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image L-R: Caleb Maxwell with brother Matthew Maxwell, owner of Maxwell Window Company.

DALLAS/FT WORTH - When it comes to a working philosophy for his business, Matthew Maxwell uses the LeaDeRSHIP acronym he learned in the Army: Loyalty - Duty - Respect - Selfless Service - Honor - Integrity - Personal Courage.





    As owner of Maxwell Window Company, Maxwell uses the disciplines and training from his nine years in the Army to give his customers what they need, not what he can sell.
    In fact, when Maxwell got out of the Army in 2010 and worked for another window company in the sales department, he laughs when he admits, “I was not a good salesman. I didn’t have that pushy mentality to get people to sign on the dotted line.”
    Fortunately, his sales days only lasted for nine months, then he moved over to installations. This is where Maxwell really learned the window business and how new windows could benefit the customer.
    This suited Maxwell much better. He didn’t like being grouped together in the same category as shady window contractors who do the hard sell with sometimes less then honorable sales tactics. “That rubs people the wrong way,” he said.
    This other company laid Maxwell off during a lean period. When he started Maxwell Window Company, he “had just $500 bucks to my name at the time.”
    Maxwell got busy networking with other businesses and joined his local Chamber of Commerce. He credits his father’s neighbor with getting his first job on his own.
    It took about six months to get Maxwell Window Company rolling. Through the years Maxwell has had several other employees, but he didn’t have the best of experiences with them. He admits that his line of work doesn’t attract the college graduate type; thus Maxwell only has his brother as his other full-time employee.
    He says that he has to be able to trust his employees when he’s not there and when they are in people’s homes. His brother does nothing but installations, while Maxwell does the interaction with the customer.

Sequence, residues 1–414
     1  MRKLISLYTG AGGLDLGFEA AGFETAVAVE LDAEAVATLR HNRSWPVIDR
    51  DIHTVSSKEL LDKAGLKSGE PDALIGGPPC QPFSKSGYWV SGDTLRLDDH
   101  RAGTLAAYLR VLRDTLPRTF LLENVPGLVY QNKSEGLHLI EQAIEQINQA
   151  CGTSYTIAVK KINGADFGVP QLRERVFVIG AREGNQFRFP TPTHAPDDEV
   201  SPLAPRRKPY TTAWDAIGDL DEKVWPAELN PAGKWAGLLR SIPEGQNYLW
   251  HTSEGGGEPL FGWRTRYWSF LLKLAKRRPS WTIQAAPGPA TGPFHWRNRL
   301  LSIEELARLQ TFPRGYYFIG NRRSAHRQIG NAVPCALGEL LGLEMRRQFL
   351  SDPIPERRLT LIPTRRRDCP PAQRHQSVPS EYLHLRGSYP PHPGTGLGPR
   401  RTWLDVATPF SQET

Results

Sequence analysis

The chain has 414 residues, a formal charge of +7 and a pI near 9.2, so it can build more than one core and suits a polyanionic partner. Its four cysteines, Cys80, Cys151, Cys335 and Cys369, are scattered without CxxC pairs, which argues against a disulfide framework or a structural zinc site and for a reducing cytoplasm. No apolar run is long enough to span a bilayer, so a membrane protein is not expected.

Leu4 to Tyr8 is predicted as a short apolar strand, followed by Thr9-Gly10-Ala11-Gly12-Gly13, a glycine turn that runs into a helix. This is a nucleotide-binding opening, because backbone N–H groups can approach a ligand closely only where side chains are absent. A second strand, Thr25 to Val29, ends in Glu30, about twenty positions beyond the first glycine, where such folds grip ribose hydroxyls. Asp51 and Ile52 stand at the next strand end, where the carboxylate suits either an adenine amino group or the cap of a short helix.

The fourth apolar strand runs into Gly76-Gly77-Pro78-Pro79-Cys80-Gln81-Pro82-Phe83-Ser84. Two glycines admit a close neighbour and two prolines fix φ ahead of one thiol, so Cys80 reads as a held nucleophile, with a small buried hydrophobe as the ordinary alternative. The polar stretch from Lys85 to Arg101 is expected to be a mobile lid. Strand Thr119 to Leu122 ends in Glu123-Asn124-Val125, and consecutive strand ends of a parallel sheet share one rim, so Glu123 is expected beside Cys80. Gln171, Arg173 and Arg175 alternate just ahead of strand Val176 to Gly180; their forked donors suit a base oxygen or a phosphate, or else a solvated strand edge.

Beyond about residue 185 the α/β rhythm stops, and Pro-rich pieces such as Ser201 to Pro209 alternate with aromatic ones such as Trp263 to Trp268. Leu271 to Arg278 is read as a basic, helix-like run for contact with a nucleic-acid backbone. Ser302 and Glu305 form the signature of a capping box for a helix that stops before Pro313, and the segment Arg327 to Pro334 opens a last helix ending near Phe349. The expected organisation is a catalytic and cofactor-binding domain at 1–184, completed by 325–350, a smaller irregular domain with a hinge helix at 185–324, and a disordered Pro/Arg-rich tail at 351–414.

Maxwell’s Army background has served him well in the window industry because of all the rules and regulations that come with it. Not only are there the overall federal government guidelines, but there are also the individual city rules. And those rules can vary from city to city, something Maxwell has picked up from applying for permits in different locations.
    He said that in 2004, the government established the UV-reflecting level guidelines for glass, then made them even more strict in 2009.
    Instead of being a “salesman” per se, Maxwell will work with the client to explain the benefits of new windows or glass. He explains it to them so it makes sense, and then lets them decide on the course of action. They don’t have to replace their windows, but if they do, Maxwell knows the regulations to be in compliance with them.
    New windows and frames offer an immediate benefit with heating and cooling savings, even increasing the life span of the AC unit itself.
    “Replacement windows are what we really pride ourselves in and make our living,” Maxwell said.
    While finding the right help has been difficult, Maxwell said that “I do want to grow and have more employees.” With only his brother, however, he is comfortable where he is at so he’s not rushed to grow bigger.
    And, he wants to maintain his LeaDeRSHIP worldview. Maxwell said I’ve always taken everything I’ve done very seriously,” and doesn’t want his name and business to be known for shoddy work done by undisciplined contractors. “It’s all over the place,” he said.
    The former intelligence analyst served his country; now, he serves his community with the same virtues he learned while a soldier.
    Maxwell Window Company runs its operations from Burleson. -dsz

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Dan Zulli dan@constructionnews.net